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Shopper Experience: Olvida la experiencia del cliente, Boris Johnson se encargará de eso

Author: Andrew Busby


Hard though it is to imagine these days, but mankind wasn’t born to operate an iPhone. Or order an Uber. Or a takeaway at just the touch of a few icons. No, we were born hunter gatherers, and the only takeaway we would bring home still had its horns intact and wasn’t in a particularly good mood.

You see, back in the days when we had to light a fire to keep our caves lit, life was a little simpler. No irritating customer satisfaction surveys to litter our inbox. «How did you find catching armadillo today? Was it a) a walk in the tundra, b) a walk on the wild side, or c) a walk too far.

Neither did we have to worry ourselves too much with the nuances of the experience itself. «Welcome home dear, how was your day? Did you have a wonderful customer experience chasing wildebeest? Don’t worry, you’ll get to bop one over the head next time.»

No, in those days, the supply chain was a little more straightforward and we really didn’t bother with quite how we did our «shopping.»

Fast forward to 2007 and Steve Jobs put paid to all that. Because when he got up on stage at Macworld in January of that year, he launched onto an unsuspecting world, what was the equivalent of our ancestors’ lump of wood, something with which to beat over the head any passing antelope. Except that this lump of wood held magic powers, powers we previously could only have dreamed of possessing.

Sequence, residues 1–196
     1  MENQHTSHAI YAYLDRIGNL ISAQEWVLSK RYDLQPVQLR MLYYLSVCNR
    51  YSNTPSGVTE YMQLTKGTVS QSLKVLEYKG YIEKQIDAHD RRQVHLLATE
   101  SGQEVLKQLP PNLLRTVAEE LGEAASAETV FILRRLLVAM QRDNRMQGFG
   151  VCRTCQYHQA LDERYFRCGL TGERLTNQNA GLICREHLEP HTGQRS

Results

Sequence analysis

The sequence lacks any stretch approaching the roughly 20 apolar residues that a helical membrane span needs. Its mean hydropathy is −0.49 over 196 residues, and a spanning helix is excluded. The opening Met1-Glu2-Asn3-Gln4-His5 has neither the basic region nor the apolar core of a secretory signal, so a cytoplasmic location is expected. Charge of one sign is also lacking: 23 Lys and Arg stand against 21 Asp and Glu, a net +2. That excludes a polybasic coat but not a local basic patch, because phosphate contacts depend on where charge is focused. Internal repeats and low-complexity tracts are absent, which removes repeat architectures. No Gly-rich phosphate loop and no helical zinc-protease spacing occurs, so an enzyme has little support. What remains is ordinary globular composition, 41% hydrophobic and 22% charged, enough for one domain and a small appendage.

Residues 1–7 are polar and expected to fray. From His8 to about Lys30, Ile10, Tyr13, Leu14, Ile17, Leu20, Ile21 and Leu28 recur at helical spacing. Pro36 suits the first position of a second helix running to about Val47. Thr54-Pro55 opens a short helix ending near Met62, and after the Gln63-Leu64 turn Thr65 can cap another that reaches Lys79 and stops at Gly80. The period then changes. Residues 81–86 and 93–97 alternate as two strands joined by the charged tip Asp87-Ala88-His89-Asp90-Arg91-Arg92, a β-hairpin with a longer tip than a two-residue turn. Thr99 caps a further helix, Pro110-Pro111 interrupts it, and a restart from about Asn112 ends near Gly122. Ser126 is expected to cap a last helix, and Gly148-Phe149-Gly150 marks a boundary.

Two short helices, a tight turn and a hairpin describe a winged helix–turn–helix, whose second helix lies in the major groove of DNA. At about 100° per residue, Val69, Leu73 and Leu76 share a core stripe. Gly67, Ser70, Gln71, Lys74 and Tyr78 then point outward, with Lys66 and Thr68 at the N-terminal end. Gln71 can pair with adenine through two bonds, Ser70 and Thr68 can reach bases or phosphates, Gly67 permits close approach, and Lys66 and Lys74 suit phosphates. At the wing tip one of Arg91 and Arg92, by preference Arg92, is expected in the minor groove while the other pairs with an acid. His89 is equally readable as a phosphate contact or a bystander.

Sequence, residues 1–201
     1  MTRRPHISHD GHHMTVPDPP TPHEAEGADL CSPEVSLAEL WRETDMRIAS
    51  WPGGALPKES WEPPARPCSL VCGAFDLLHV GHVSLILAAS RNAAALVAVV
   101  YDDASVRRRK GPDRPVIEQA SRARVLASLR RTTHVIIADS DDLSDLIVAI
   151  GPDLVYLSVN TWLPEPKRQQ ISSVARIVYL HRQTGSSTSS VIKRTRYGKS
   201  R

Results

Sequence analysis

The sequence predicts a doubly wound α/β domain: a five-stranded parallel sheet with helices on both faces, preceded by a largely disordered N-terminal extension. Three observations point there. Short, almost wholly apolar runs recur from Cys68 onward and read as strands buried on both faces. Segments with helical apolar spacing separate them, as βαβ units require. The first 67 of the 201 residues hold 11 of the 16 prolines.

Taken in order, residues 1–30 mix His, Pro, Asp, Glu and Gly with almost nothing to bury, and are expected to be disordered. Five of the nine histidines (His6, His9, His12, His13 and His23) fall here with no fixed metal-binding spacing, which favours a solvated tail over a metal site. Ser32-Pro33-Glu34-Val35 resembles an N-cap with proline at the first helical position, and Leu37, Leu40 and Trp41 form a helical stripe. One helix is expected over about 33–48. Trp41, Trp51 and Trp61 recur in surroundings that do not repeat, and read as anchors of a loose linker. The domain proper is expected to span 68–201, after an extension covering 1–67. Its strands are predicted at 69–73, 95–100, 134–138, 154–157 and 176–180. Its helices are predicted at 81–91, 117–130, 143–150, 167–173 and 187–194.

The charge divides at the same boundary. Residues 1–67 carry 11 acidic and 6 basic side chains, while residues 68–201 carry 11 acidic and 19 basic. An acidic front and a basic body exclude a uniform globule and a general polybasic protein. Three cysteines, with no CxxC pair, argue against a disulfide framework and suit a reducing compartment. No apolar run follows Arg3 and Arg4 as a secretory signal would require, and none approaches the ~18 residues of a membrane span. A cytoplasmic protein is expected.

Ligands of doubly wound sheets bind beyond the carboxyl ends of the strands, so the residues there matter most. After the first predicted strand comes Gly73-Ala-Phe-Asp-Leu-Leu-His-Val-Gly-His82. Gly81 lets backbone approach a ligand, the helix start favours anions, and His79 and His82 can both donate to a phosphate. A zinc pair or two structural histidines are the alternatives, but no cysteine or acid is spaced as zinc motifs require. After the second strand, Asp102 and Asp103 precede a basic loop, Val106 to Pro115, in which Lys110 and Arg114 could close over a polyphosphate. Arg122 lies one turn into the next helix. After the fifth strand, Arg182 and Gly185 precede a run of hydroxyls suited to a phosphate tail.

Because in the smartphone we suddenly had a voice, and we soon discovered that we could exert power and influence over our prey. And overnight, customer experience was born.


Today, an entire customer experience industry has evolved. Bringing with it new terms such as the wonderfully awful «experiential» retail. Nowadays it seems that the experience is more important than the quality of the product or the price for that matter.

Personally, I don’t source my smartphones from Silicon Valley, but for those who do, it’s more like a religion and if you’ve ever visited one of their temples, you’ll see why Apple followers are so loyal. They go not just for the product but for the whole experience.

Everywhere we turn, we are asked for our feedback on our experience. It pervades virtually every interaction we have, whether it be flying, booking a holiday or using the bathroom. But that’s all about to change because Boris Johnson will become prime minister and customer experience will suddenly be the last thing on our minds.

Because in a post-Brexit no-deal Britain, we’ll find ourselves resorting to our ancestors’ ways of catching dinner. And all of a sudden we will collectively find ourselves at the very bottom of Maslow. And at the same time, the whole concept of customer experience will become but a distant memory.

«How was your experience of trying to find a pint of milk?» «Well, actually I’m just glad I found one come to think of it.»

According to Government figures, in 2017, U.K. exports to the EU were £274 billion (44% of all U.K. exports). U.K. imports from the EU were £341 billion (53% of all U.K. imports). And what’s more, almost 30% of our food comes from the EU.

In a no-deal Brexit, those irritating trade agreements will be thrown into something resembling a teenagers rave party. Which is unfortunate, as it’s really rather going to mess things up. Just think, the French will suddenly control the consumption of your favorite Roquefort. And in that scenario, you really won’t care about how nicely it’s presented or the length of the queue at the checkout.


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